Reason Tutorial: Modulation

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Making your synth sounds more dynamic and interesting can be as simple as adding some modulation, as Hollin Jones reveals…

You might have seen lots of references to ‘modulation’ when reading reviews of synths or workshops like this one. It’s something that developers like to talk about when you can do a lot of it with their product, and if you’re not a synth expert you may wonder why it’s such a big deal. The short answer is, because it can make static sounds much more interesting and dynamic.

By default, most types of synthesized sound are fairly simple, using waveforms generated by oscillators to create signal. You can tune these, alter them and filter them as much as you like but they’re not going to start sounding hugely interesting until you start to modulate them. And yes, of course you can use effects on them to bend and twist sounds, but we’re talking about doing everything inside the synth at this stage.

Modulation essentially involves varying a given parameter over time. Something that modulates does not stand still; rather it changes state, often in a regular, back-and-forth kind of a fashion. In a synthesizer, modulation can come from a range of parameters inside the instrument and be sent to a range of other parameters; the details depend on the model of synth and how it has been designed.

Some modulation sources such as LFOs go round and round by themselves and so when applied to a destination, they produce a regulated change in that parameter. In other cases, a user-variable parameter can be sent, such as an envelope control, a button or even a MIDI note or velocity amount.

Not every source will have a useful effect on a destination parameter, and some will have no effect at all. The trick is in knowing what kinds of things can be linked together to get your sound moving. You need to think about altering the kinds of things that actually shape the sound, such as oscillators, filters, amp sections and internal mixers. Within each of these are whole subsets of controls. So in an oscillator section you might have waveshape and octave controls. A filter will have cutoff, resonance and type as basic controls, and some synths even have onboard step sequencers which really open up a whole new level of creativity.

Someone with some experience and a bit of time on their hands can make some amazing modulation assignments in a well-designed synth and create sounds that go far beyond simple patches.

For those less familiar with the world of programming, you may want to rely a little more heavily on pre-built patches than do it all yourself. But a basic understanding of how modulation works can be key to learning more about synthesis and will also help you on your journey towards achieving your own sound. Just knowing that dubstep bass effects are achieved by using automated LFOs to modulate cutoff filter frequency settings, for example, means you can build your own from scratch, or change an existing patch to suit your project.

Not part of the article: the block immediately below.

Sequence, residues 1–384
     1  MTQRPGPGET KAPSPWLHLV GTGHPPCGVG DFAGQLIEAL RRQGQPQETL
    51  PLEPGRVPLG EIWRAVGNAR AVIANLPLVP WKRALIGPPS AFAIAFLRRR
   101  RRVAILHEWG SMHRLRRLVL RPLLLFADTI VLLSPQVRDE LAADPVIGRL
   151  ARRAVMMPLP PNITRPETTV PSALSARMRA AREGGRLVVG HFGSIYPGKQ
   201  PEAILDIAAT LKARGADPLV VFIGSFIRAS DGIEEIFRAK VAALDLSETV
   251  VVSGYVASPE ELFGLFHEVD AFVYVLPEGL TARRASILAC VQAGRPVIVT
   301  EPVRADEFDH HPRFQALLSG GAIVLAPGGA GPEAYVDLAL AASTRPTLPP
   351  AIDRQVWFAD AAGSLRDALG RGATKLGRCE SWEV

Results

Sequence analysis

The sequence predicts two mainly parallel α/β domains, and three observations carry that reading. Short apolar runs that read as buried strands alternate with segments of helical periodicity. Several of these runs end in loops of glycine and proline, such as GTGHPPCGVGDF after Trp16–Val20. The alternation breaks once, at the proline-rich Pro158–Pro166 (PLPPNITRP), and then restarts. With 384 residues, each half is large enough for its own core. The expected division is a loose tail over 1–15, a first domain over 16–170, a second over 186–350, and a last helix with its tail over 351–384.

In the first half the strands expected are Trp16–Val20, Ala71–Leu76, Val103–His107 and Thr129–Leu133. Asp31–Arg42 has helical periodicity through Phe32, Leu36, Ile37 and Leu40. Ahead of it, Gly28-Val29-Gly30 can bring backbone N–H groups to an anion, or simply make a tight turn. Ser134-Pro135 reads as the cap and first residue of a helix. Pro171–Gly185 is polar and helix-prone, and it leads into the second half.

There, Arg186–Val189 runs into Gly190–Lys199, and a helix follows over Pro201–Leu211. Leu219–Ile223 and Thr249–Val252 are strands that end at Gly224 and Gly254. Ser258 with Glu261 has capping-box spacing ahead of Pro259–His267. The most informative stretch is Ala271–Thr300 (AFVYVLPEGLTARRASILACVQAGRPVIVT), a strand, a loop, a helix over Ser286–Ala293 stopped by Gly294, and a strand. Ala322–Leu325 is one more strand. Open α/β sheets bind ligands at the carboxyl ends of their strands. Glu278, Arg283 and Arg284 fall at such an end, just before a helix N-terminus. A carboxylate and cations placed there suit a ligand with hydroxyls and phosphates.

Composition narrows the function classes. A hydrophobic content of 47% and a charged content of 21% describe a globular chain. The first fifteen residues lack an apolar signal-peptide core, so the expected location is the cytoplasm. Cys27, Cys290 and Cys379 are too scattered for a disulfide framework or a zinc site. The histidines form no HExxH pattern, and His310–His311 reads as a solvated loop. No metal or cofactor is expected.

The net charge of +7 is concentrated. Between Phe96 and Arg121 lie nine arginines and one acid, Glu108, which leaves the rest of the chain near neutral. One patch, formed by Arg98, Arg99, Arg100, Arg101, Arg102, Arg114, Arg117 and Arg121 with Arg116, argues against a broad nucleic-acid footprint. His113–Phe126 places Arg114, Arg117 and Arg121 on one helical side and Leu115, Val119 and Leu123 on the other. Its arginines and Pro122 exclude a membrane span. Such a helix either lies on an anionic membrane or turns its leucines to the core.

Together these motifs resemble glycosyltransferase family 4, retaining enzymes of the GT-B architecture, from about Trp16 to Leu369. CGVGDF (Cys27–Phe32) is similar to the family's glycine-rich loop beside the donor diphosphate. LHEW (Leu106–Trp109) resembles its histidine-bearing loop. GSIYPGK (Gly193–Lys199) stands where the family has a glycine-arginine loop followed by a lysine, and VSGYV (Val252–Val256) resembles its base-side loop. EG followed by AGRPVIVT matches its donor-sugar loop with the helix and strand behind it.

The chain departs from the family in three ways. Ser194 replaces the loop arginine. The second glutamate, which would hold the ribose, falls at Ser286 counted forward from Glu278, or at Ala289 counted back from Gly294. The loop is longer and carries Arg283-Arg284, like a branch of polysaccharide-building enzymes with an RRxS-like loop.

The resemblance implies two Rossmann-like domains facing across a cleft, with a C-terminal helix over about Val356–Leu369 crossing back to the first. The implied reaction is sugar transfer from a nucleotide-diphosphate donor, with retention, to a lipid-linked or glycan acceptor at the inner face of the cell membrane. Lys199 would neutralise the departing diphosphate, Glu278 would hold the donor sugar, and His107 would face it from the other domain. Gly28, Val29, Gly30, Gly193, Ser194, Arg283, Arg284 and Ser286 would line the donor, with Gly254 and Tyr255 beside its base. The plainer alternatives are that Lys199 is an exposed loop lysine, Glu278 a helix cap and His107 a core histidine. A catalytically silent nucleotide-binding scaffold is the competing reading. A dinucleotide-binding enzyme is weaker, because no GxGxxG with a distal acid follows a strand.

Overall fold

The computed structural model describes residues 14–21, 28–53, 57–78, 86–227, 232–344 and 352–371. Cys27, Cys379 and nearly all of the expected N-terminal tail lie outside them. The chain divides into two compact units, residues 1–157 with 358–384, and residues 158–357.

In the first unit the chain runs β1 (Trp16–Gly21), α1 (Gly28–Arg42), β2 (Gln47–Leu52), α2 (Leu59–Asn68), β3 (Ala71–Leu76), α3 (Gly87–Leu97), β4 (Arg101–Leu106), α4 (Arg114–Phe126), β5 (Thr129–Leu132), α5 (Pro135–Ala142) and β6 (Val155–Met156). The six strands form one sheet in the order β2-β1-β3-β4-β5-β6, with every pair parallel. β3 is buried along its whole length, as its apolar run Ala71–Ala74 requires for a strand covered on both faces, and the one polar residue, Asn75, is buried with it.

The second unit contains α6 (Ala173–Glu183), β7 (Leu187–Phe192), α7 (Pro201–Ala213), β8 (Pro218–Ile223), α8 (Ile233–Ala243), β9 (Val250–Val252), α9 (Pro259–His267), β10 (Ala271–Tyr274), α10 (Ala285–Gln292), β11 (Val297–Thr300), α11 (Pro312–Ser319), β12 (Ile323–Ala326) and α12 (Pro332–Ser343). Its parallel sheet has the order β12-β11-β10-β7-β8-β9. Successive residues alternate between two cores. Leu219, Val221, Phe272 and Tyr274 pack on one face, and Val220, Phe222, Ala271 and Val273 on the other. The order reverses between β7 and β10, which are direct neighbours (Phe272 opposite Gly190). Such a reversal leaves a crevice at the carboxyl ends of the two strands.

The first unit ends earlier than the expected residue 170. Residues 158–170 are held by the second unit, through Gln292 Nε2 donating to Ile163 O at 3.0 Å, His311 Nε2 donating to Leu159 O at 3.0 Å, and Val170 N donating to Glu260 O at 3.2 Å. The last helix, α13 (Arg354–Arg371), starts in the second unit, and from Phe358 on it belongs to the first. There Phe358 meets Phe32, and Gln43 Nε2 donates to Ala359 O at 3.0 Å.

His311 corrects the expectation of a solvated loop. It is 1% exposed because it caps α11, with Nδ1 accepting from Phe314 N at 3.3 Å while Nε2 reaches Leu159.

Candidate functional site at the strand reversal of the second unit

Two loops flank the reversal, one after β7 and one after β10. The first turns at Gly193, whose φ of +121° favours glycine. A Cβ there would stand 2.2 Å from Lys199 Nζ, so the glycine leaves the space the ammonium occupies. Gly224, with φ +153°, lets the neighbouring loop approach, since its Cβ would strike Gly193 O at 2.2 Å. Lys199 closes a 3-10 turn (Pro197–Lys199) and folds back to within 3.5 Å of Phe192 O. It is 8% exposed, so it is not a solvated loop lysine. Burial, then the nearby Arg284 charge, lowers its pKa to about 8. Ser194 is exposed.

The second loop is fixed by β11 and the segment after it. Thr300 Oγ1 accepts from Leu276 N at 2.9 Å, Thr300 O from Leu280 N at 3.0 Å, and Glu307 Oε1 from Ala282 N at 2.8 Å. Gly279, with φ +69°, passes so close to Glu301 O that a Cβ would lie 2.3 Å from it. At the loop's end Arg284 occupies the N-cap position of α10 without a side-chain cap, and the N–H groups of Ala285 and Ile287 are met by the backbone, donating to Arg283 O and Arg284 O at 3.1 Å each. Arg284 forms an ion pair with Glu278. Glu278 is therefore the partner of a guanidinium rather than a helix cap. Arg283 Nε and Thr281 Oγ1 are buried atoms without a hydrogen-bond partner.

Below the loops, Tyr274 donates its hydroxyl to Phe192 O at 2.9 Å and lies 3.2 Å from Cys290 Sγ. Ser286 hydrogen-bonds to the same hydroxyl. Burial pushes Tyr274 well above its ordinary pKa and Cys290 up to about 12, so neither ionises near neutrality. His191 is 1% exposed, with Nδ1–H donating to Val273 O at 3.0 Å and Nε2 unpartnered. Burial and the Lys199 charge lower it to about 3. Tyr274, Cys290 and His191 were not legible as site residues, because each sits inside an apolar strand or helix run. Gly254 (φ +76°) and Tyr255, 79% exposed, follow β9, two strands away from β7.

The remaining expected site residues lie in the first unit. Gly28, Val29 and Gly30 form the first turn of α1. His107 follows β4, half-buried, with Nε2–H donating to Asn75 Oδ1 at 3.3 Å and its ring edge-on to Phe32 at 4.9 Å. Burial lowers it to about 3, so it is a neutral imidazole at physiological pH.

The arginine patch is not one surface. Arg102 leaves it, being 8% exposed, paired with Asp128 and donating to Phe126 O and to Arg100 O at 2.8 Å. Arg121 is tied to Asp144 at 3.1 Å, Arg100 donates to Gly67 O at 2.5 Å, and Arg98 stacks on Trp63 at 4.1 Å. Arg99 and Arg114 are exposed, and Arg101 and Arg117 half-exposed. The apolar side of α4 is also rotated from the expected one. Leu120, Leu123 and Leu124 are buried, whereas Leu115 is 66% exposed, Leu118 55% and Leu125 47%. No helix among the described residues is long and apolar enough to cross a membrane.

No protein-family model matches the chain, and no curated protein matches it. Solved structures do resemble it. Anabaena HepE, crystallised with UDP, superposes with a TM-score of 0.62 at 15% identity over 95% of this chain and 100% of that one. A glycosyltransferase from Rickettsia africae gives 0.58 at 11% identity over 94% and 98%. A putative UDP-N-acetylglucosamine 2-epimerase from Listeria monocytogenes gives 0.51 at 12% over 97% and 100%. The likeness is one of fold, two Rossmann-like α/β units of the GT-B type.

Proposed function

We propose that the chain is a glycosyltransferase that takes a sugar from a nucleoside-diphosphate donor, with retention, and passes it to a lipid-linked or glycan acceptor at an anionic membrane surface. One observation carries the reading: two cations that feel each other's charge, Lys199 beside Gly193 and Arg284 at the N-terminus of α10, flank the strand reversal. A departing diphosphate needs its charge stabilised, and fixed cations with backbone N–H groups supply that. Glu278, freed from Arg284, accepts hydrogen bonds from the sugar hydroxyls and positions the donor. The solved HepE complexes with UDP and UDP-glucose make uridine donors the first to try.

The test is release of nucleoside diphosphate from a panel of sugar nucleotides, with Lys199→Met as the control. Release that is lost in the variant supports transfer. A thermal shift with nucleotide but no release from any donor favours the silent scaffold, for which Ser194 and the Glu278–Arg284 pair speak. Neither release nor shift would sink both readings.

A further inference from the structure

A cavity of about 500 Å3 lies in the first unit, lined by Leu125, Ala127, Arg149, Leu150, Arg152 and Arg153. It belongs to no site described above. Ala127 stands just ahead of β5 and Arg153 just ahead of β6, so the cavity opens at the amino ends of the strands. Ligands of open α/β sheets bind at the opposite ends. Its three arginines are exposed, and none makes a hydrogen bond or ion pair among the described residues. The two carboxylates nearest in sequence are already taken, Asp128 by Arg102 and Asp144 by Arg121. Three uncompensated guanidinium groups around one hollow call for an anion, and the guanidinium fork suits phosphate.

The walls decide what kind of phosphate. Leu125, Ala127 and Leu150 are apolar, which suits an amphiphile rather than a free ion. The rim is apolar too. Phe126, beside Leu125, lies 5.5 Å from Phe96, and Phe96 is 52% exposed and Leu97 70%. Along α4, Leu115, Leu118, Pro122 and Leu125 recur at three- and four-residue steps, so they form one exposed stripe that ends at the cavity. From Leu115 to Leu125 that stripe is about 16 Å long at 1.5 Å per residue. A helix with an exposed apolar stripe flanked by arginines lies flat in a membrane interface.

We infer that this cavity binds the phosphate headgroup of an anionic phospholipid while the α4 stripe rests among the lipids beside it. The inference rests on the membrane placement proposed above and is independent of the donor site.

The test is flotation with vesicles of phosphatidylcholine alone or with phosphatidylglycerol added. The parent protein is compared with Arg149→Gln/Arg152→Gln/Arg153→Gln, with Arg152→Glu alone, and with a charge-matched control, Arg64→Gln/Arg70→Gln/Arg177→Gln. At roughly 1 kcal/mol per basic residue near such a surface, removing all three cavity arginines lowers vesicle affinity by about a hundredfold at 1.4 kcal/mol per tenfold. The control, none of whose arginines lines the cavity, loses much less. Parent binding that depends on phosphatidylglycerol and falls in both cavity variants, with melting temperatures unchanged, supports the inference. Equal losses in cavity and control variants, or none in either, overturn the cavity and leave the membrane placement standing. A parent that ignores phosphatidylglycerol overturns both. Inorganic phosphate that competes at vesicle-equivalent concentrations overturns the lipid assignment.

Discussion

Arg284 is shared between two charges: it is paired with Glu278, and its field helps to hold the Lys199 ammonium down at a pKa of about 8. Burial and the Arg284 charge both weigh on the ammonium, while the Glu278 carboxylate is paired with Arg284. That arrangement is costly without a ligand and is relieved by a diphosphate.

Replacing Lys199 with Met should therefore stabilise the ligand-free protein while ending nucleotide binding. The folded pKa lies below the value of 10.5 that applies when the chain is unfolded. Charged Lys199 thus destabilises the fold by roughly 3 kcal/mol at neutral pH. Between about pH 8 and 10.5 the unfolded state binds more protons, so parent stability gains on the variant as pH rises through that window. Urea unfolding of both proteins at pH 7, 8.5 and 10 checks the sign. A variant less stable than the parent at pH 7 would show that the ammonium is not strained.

Even a basic synth will often have the ability to use some simple modulation sources within its interface. Reason is well catered for in this regard and indeed the mighty Thor synth has a very advanced modulation matrix, though this doesn’t mean it’s difficult to use. Pop out the Programmer section and you can clearly see how it all works. Spin the module around and there are even some instructions for how to get started printed on the back of the module. It’s not a feature of Reason yet, but some third-party software synths actually let you drag and drop sources to destinations using the mouse, which makes the whole process particularly intuitive. Fabfilter’s Twin 2 and FXPansion’s Tremor are just a couple of examples of this.

Reason is unusual in having an integrated design that means modules and Rack Extensions built for it must all comply with a specific standard. So as well as having audio and MIDI capability, modules are also able to send and receive CV (control voltage).

Based on real control voltage as found in hardware modular synths, this isn’t quite the same as the modulation systems found internally in synths but it can have a similar effect, with the major difference that it can be sent between modules, not just internally within a single module. In the case of more advanced modules such as Thor and the Pulveriser, plus quite a few others, multiple modulation inputs and outputs are available using CV connections, and there are also CV splitter and merger modules available for amazing routing flexibility.

In a typical example of using CV, you might take the LFO CV out from a synth where that LFO is already being used to modulate the synth’s sound, and use it to modulate the filter frequency on an effect module. The result would be filtering on the effect that matched up with the modulation of the synth sound since they were being controlled by the same parameter.

If you extrapolate this simple example out to account for all the CV and audio modulation ins and outs that are possible in Reason – a near-infinite number – then you begin to see how remarkably powerful this technology is.

Focus on Modulation Minus MIDI

The ability to modulate using CV inside Reason means you can actually take parameters from within one module and route them out to any other module to change them. Not everything will have an obvious effect, so choose wisely.

A typical example of this might be to use an LFO or sequence from one device and link its CV output to the filter or rate CV input on an effect or another synth. You can sync up patterns of modulation in this way, or link controls together, all without creating any MIDI data. It’s a shortcut to matching patterns of movement, even more so when you factor in the Spider CV merger and splitter modules for even greater flexibility.

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